News and information to help journalists serve the public and stay safe.
June 3, 2020
The police treatment of journalists during coverage of the nationwide protests over the killing of George Floyd is gaining attention as the number of reporters, cameramen and photographers who report being arrested, tear gassed or hit by rubber-coated bullets rises.

As of Wednesday afternoon, the U.S. Press Freedom Tracker had identified at least 41 arrests or detainments of journalists by law enforcement and 153 assaults (125 by police), including 33 physical attacks, 35 tear gassings, 21 pepper sprayings and 55 instances of being hit by rubber bullets or other projectiles.

The ACLU filed a lawsuit Wednesday on behalf of a freelance journalist against the city of Minneapolis. “The press is under assault in our city,” the 42-page complaint says. Brian Hauss , an ACLU staff attorney, said the organization plans other similar lawsuits in other states.

The aggressiveness toward journalists as they cover a subject of high public interest can have a chilling effect on news gathering and, at the very least, removes reporters from the scene and prevents them from reporting essential information.

“When journalists can't do their job, law enforcement and other officials act with impunity – endangering everyone who advocates for change,” Hauss wrote in a statement. 

Minneapolis City Attorney Erik Nilsson, in a statement to news organizations, said the city “will review the allegations and take them seriously.”

“We continue to support the First Amendment rights of everyone in Minneapolis,” he said.

In an open letter Monday, 28 journalism and press freedom organizations called on law enforcement, mayors and governors to stop the assault against journalists. On Tuesday, the Reporters Committee for Freedom of the Press, in a letter co-signed by 115 news organizations and press freedom groups, called on Minnesota officials to halt attacks and arrests of journalists. According to the U.S. Press Freedom Tracker data, Minneapolis has had the most incidents involving law enforcement and journalists.

Across the country, reporters posted videos or accounts of themselves being harassed or arrested by law enforcement officials. Tuesday night New York City police officers forced two Associated Press reporters to stop reporting the protests in the city. In Philadelphia, Kristen A. Graham , a reporter for the Philadelphia Inquirer, was arrested Monday night after curfew , even though the city’s curfew order specifically excludes journalists. 

Images take us into hospitals, grocery stores, even empty spaces to show us the impact of coronavirus on the people and places affected by the pandemic. Award-winning independent photojournalist  Melissa Lyttle   and documentary photographer Rosem Morton , who is also a nurse , will talk about photography, trauma, and healing. 

Registration is open   for this conversation, which will take place on Zoom.
Good leaders know consistency matters, and resiliency requires practice . Confidence in leadership comes when teams know they are cared for as people and professionals and encouraged during difficult times . And education can help strengthen trust that you are an ally

Advice from  Jill Geisler , Bill Plante Chair in Leadership & Media Integrity, Loyola University Chicago, Freedom Forum Fellow in Women’s Leadership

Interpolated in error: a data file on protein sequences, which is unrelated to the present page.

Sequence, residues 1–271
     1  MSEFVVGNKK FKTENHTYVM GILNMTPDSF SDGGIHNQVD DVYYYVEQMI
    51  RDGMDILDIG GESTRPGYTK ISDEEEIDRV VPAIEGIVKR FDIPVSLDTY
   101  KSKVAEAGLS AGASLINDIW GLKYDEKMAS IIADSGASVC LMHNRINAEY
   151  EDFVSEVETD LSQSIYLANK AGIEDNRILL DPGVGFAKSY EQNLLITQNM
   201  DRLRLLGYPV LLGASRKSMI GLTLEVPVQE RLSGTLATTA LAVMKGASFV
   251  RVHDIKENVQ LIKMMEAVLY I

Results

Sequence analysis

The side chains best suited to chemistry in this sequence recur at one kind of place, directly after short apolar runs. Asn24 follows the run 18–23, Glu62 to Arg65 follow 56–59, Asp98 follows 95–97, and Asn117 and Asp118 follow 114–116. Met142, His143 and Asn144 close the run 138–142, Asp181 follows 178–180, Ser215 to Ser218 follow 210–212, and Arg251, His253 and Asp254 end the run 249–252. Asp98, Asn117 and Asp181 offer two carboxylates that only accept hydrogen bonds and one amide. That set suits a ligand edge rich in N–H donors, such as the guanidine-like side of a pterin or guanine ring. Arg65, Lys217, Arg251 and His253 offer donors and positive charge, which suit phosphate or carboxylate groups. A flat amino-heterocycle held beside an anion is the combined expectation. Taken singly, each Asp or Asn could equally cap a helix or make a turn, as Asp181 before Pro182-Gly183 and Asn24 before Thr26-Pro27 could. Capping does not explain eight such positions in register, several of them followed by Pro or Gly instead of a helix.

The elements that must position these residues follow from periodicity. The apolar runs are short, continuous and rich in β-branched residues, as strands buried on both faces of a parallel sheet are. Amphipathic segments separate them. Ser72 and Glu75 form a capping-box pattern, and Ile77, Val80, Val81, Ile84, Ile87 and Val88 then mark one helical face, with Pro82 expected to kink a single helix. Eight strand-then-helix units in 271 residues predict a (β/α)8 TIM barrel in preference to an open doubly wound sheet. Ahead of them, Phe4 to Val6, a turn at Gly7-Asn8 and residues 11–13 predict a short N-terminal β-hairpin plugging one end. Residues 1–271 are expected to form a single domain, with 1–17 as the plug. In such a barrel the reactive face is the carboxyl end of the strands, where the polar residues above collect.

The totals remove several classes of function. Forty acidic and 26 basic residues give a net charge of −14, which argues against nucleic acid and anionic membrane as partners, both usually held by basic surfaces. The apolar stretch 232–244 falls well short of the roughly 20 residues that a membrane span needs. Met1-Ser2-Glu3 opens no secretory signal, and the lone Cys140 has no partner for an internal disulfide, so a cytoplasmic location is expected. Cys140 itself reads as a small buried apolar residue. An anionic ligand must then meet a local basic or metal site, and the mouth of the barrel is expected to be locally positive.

The National Press Club Journalism Institute is spotlighting the next generation of journalists , students graduating from college or Master’s programs this spring into a challenging job market , in hopes they’ll meet future bosses and colleagues here who will reach out and support them in building journalism’s future together. 

Name : Mark Satter
School : Northwestern University, Medill School of Journalism
Location : Washington, D.C.
Currently : White House pool reporter for Bloomberg News
Bylines : Military Times, The Dallas Morning News, MarketWatch,, STAT News

What do you want to accomplish in your journalism career?

Satter : Along with telling impactful stories, I would like to rebuild some of the trust in the media that has been lost.

In January, I covered a pro-gun rally in Richmond, Virginia. In the week leading up to the rally, news coverage predicted that the event would be violent. Reports said a " sense of crisis was enveloping Virginia's capital ," and that "white supremacists were swarming the area by the thousands."

The reality was different. It was true that everyone was heavily armed - but you might expect that at a pro-gun rally. And some far-right provocateurs, like the conspiracy theorist Alex Jones, were in the crowd. But the event was peaceful, and the attendees generally friendly. 

What was palpable, though, was a distrust of the press from protestors. People that I spoke with told me that they doubted that I would represent them fairly in my reporting, as news reports had called them all white supremacists for the past week. Most of them were average Americans, protesting proposed firearm regulations. 

Self-care needs evolve. Visit our growing list of self-care practices and tips . You’ll learn how to give yourself permission to turn off the news , find balance and connection , how to fall and stay asleep , and how journaling can help process emotions , among other resources. 

Have a self-care tip or resource you’d like to share with fellow journalists? Email our team .
This newsletter is written & edited by the National Press Club Journalism Institute staff: Beth Francesco, Holly Butcher Grant, Jim Kuhnhenn, and Julie Moos. Send us your questions and suggestions for topics to cover.

Get this from a friend? Subscribe , and view the archives .